Manchester set for Local Plan overhaul
Manchester City Council said it will open a public consultation on a revised Local Plan in February.
The new Local Plan will set out a strategy for development over the next 15-20 years and will replace the city’s current Core Strategy which was adopted in 2012. The review comes after legislative changes introduced by the National Planning Policy Framework in 2019, which state that local plans should be updated every five years.
At an meeting on Wednesday, the executive committee was asked that permission be granted for the consultation on the issues that will inform the scope and content of the plan. The consultation is to take place during an eight-week period beginning 8 February.
The Local Plan will act as a framework for new building and investment, in order to meet Manchester’s growth ambitions and development standards..
It will also take into account the Our Manchester strategy, the emerging Greater Manchester Spatial Framework (GMSF), the NPPF and Greater Manchester’s new devolved planning powers.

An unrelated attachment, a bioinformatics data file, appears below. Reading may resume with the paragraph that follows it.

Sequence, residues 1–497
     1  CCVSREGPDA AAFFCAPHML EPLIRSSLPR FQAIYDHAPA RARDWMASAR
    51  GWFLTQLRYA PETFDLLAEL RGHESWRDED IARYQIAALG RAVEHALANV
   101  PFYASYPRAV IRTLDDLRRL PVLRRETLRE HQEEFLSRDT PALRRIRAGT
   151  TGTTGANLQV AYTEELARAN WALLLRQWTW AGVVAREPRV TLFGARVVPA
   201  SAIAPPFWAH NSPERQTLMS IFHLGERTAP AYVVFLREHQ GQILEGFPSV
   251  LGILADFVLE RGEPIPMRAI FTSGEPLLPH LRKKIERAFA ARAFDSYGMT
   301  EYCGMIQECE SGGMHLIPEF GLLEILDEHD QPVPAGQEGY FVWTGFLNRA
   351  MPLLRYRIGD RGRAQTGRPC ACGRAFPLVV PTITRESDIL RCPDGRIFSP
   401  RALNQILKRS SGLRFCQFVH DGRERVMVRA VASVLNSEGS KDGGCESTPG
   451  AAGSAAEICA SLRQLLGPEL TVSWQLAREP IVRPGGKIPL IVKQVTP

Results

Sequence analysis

In addition, it will respond to key strategic issues including achieving a zero-carbon Manchester by 2038, formulating a sustainable transport system, ensuring critical infrastructure requirements are addressed and creating neighbourhoods that promote and enable healthy lifestyles.
The report highlights challenges, including the need to improve and diversify the housing offer in the north of the city, tackle congestion along arterial routes in the centre and meet the demand for student housing in the south.
A draft plan is expected to be prepared by winter 2020/21 and a final plan will be published in summer or autumn of 2021 for statutory consultation, ahead of submission to the Secretary of State.
Cllr Angeliki Stogia, Manchester City Council’s executive member for environment, planning and transport, said: “Developing a new Local Plan is a vital process that will shape where new homes will be built, where new employment opportunities will be created, what amenities are needed and the transport infrastructure that connect the entire city.
“This is a plan that will touch all of our lives in the next two decades, so we are keen to hear from as many people as possible about the issues they face – as well as potential options to improve them – and make sure everyone has a chance to shape our city.”